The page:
Female Board Membership Rises in Europe as Top Spots Remain MaleBenjamin Katz
Female board membership at Europe’s biggest companies has more than doubled in a decade, approaching the level in the U.S., even as women represent just 5.4 percent of directors who wield executive power.
Women held 20.3 percent of board directorships at European businesses valued at more than 4 billion euros ($5 billion), compared with 15.6 percent two years ago and just 8 percent in 2004, London-based Egon Zehnder said today. The consulting firm studied more than 350 companies in 17 European countries.
The results placed Europe on par with the U.S., with 21.2 percent, and compares with a non-Europe average of 11.6 percent. While women gained board seats in the biennial survey, efforts on executive board appointments are “stagnant,” Egon Zehnder said. Women held about 1 in 19 of executive director positions in Europe, compared with 1 in 12 in the U.S.
“Plenty of work remains in identifying a wider pool of female board candidates as well as retaining executive-level women and assuring their advancement within organizations so there is ample readiness to pivot to the boardroom,” said Edwin Smelt, co-leader of the consultant’s Global Diversity & Inclusion Council.
European governments, political parties and executive groups have increasingly pushed for more women to be appointed to boards. In the U.K., the 30 Percent Club is advocating for gender diversity without forced quotas, while in Norway a 40 percent mandate resulted in a number of companies delisting from the Oslo Stock Exchange.
Companies with diverse boards make better decisions, Barbara Byrne, vice chairman of investment banking at Barclays Plc, said last month at the Bloomberg Markets Most Influential Summit in New York. Her call was echoed by Helena Morrissey, founder of the 30 Percent Club and chief executive officer of Newton Capital Management.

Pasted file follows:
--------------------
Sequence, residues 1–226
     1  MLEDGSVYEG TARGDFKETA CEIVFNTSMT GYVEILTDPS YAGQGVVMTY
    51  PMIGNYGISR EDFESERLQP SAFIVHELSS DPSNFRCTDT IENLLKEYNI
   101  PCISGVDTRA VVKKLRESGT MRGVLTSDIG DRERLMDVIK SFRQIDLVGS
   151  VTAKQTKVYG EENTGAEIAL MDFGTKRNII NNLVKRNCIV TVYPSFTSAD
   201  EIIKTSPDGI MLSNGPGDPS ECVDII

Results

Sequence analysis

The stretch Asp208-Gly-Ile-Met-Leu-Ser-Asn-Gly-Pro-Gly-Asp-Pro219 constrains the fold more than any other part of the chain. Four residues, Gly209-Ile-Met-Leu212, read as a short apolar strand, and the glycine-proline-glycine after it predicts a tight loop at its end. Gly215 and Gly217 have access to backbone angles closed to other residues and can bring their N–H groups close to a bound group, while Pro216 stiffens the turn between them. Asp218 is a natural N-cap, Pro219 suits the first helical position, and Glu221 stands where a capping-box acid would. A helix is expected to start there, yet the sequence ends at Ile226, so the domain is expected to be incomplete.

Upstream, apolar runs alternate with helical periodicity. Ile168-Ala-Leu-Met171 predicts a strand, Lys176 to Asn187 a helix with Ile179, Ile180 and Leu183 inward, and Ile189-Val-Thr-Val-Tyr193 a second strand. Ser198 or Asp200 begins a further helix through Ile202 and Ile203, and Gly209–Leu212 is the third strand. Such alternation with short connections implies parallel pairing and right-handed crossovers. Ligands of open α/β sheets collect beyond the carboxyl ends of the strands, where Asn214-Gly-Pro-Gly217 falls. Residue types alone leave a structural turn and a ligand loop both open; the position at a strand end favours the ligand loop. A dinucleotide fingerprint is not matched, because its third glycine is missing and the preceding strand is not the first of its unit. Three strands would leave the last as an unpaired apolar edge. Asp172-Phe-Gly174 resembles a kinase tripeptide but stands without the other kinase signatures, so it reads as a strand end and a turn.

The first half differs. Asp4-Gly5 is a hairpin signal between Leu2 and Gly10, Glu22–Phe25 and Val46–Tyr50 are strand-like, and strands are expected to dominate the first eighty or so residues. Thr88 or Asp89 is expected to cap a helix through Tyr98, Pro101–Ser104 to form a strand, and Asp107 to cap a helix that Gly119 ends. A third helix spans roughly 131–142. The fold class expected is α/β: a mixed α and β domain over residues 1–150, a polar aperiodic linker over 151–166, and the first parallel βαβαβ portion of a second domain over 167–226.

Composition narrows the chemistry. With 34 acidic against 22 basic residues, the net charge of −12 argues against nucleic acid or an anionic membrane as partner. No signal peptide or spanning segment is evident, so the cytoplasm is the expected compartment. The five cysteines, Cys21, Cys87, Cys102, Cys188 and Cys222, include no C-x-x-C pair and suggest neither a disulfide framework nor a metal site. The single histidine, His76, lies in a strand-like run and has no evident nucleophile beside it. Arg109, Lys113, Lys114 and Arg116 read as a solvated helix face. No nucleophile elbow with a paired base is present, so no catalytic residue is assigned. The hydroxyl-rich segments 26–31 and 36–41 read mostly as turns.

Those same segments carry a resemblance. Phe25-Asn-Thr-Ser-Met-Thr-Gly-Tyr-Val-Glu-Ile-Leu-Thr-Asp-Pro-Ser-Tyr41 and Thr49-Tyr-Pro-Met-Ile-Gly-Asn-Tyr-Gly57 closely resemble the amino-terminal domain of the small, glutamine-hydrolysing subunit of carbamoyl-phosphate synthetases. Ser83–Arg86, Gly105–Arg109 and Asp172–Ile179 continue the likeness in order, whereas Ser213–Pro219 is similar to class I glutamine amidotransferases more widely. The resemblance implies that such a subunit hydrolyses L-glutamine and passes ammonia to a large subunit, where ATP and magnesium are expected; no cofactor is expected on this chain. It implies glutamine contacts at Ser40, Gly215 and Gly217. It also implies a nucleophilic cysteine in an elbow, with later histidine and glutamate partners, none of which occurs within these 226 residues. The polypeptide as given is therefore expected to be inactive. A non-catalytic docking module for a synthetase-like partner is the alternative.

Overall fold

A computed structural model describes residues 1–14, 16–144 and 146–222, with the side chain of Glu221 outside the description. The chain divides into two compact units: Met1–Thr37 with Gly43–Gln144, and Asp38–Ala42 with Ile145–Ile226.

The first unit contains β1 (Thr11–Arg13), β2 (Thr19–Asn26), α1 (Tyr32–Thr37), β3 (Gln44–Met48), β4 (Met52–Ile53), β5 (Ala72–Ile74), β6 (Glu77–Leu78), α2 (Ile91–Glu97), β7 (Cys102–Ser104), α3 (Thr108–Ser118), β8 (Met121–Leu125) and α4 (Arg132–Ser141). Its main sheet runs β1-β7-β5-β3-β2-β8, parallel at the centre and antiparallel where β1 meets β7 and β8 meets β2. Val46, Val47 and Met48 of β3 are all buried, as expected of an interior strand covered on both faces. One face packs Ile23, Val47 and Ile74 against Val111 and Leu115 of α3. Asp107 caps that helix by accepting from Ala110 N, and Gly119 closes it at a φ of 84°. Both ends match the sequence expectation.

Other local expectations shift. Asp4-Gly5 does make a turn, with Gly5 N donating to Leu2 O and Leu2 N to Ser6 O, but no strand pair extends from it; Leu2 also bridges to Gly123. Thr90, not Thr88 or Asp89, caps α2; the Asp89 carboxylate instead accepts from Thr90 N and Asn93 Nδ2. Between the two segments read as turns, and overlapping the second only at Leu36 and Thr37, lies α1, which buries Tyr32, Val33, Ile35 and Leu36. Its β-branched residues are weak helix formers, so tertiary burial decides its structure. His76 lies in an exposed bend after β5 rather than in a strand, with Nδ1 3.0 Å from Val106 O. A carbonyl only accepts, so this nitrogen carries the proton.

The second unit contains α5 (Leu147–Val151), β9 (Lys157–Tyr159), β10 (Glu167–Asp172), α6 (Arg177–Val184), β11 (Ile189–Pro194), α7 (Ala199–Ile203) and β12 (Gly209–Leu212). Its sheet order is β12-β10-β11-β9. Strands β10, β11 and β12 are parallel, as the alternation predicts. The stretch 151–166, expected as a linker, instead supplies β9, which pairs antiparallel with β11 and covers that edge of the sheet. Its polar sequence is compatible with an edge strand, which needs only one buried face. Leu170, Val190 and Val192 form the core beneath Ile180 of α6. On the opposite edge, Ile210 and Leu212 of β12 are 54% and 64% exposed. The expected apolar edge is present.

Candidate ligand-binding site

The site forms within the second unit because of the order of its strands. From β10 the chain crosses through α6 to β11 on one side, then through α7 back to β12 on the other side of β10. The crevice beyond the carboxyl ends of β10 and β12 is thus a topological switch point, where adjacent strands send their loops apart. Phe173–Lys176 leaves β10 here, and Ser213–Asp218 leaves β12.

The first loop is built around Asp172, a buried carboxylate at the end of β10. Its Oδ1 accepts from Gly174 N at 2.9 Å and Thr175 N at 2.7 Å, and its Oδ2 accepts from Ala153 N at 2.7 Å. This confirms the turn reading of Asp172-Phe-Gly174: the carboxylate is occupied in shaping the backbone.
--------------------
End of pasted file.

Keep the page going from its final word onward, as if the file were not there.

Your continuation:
The five countries worldwide with the highest percentage of women on large corporate boards are European, Egon Zehnder found. Norway led the results, with women holding 38.9 percent of board positions. Finland, France, Sweden and the U.K., which tied with Australia, rounded out the top five.
The European figures are well ahead of large companies in China, with 9.2 percent; India, at 8.8 percent; Russia, with 5.6 percent; and Japan, with 3.3 percent. Poland, Hungary, Indonesia and Chile are among countries making progress, according to the report. Eastern European countries were included in the global portion of the study.
This year, the U.K., Austria and Ireland joined the Nordic countries and France on the list of European companies that have a female member on all of the boards surveyed.
The study showed that 99 percent of surveyed companies in the U.S. have a female board member, compared with 92.4 percent for Europe. In 2006, 32.2 percent of European boards studied had no women.